All low-risk sex offenders would be required to be listed on the sex offender registry under a Republican proposal that critics say is retroactive and would take away the discretion of law enforcement to review risk assessments.
Currently, the sex offender registry website must include any offender whose risk assessment has been determined to be a Level Two or Level Three, or any person assessed to be a Level One offender and whose victim was under 12 years old.
The proposed law, Senate Bill 1583 would punish Level One offenders who were 18 years or older at the time of the offense and were sentenced for a dangerous crime against children on or after August 9, 2017.
“Pedophiles, particularly those who have committed a crime against a child, know how to circumvent are not going to be forthcoming with this information. Clearly, they have no boundaries, by putting this on the sex offender website, we are giving the public accurate and truthful information,” Kayleigh Kozak, a sexual assault survivor, said at a March 7 Senate Judiciary Committee meeting.
The bill’s sponsor, Sen. Sine Kerr, R-Buckeye, explained that information about sex offenders is already open to the public and can be acquired at the court for a fee.
Victims and their families urged lawmakers to pass the measure.
“The sex offender registry over the last decade has been reverted from its original proper intent and now is dangerously ineffective for a certain kind of dangerous sex offender,” Dan Lundell, a parent of a victim, told the House Judiciary Committee on March 29.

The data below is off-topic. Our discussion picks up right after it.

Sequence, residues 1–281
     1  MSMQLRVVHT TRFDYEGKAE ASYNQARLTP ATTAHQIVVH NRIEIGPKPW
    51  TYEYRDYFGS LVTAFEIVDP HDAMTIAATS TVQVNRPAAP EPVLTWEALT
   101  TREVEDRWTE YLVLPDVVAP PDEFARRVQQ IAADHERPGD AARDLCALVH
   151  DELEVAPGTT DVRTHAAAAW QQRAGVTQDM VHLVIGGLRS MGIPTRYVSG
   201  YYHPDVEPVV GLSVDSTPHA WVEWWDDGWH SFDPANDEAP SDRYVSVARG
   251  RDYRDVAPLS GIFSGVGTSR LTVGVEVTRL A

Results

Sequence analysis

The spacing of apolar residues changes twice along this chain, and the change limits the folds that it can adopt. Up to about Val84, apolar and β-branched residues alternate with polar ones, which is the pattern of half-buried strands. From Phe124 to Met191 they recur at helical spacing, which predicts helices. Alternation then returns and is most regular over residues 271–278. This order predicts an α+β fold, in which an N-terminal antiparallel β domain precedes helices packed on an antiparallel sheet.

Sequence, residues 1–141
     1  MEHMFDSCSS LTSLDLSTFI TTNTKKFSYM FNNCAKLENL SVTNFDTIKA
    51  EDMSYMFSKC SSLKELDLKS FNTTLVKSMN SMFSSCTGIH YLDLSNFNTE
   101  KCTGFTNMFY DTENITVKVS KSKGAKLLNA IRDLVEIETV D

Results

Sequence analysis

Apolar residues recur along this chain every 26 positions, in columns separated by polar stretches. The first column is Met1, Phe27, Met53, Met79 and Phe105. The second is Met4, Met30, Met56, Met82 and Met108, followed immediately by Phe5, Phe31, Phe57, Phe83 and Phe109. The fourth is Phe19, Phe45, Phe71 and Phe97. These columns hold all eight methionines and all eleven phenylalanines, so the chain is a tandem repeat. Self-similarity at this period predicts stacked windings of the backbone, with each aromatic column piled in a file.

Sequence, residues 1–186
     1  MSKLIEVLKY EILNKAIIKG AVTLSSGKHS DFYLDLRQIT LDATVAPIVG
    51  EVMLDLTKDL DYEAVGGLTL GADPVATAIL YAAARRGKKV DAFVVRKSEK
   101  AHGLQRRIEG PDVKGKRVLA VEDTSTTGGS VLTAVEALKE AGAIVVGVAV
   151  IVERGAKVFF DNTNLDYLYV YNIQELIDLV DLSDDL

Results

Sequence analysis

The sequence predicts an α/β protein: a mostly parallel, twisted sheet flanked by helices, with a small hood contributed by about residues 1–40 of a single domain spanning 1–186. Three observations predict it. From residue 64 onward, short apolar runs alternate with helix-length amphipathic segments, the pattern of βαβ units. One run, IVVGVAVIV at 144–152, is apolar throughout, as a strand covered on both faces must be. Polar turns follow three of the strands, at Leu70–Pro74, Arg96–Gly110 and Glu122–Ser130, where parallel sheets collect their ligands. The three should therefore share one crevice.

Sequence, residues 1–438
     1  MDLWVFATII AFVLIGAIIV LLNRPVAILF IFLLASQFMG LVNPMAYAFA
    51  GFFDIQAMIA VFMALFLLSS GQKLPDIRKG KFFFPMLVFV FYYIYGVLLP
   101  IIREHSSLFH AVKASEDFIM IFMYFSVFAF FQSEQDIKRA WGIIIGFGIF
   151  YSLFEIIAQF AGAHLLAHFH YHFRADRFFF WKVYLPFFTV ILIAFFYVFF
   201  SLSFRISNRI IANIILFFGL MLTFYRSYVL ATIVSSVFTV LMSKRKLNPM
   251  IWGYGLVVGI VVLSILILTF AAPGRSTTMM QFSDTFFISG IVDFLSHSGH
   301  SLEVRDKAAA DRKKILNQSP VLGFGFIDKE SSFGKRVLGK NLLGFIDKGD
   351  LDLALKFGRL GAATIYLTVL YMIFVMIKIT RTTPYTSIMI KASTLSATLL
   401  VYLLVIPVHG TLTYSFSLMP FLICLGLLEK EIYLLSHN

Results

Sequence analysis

Kerr explained that the risk assessment conducted to distinguish the level of sex offenders is 19 questions long, and offenders are assigned points based on their answers. She claimed that an offender acquires 0 points if they commit a sexual offense against a female, indicating that they are less of a risk to society.
“I can’t imagine being someone that’s 25 now who committed an offense that is living working, and now has to be on a website and have things mailed out about them in their neighborhood,” attorney Katherine Gipson-McLean, a member of Arizona Attorneys for Criminal Justice, said when the bill was considered by the Senate Judiciary Committee on Feb. 16.
She also brought up situations of things that happen in high school like a “senior simply asks a freshman to have sex with him.” Such offenses would be included in this bill.
“Deplorable things that happen in high school, that shouldn’t mean the offenders’ lives should be ruined for the rest of their lives. They should be taught,” Sen. Mitzi Epstein, D-Tempe, said.
SB1583 was approved by the House Judiciary Committee on March 29 along party lines, with Republicans in support and Democrats opposed. It will proceed next to the full House of Representatives for consideration.
This report was first published by the Arizona Mirror.